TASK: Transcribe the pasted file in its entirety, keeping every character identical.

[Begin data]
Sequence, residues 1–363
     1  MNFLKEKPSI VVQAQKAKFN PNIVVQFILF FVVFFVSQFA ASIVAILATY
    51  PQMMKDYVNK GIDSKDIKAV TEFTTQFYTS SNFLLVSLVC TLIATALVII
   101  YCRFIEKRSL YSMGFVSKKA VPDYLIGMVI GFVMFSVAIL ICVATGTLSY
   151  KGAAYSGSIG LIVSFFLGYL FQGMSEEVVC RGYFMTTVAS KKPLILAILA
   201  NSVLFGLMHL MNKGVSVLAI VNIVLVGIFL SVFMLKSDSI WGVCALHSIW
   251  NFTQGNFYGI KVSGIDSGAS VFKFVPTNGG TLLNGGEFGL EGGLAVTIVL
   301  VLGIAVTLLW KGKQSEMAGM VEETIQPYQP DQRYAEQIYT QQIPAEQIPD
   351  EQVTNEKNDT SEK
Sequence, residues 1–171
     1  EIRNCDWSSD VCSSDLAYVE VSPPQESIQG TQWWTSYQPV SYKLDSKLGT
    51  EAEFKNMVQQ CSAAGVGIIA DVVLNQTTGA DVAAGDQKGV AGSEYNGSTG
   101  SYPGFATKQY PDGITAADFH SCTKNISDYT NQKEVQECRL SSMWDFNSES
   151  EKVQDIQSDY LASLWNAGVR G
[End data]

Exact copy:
Sequence, residues 1–363
     1  MNFLKEKPSI VVQAQKAKFN PNIVVQFILF FVVFFVSQFA ASIVAILATY
    51  PQMMKDYVNK GIDSKDIKAV TEFTTQFYTS SNFLLVSLVC TLIATALVII
   101  YCRFIEKRSL YSMGFVSKKA VPDYLIGMVI GFVMFSVAIL ICVATGTLSY
   151  KGAAYSGSIG LIVSFFLGYL FQGMSEEVVC RGYFMTTVAS KKPLILAILA
   201  NSVLFGLMHL MNKGVSVLAI VNIVLVGIFL SVFMLKSDSI WGVCALHSIW
   251  NFTQGNFYGI KVSGIDSGAS VFKFVPTNGG TLLNGGEFGL EGGLAVTIVL
   301  VLGIAVTLLW KGKQSEMAGM VEETIQPYQP DQRYAEQIYT QQIPAEQIPD
   351  EQVTNEKNDT SEK
Sequence, residues 1–171
     1  EIRNCDWSSD VCSSDLAYVE VSPPQESIQG TQWWTSYQPV SYKLDSKLGT
    51  EAEFKNMVQQ CSAAGVGIIA DVVLNQTTGA DVAAGDQKGV AGSEYNGSTG
   101  SYPGFATKQY PDGITAADFH SCTKNISDYT NQKEVQECRL SSMWDFNSES
   151  EKVQDIQSDY LASLWNAGVR G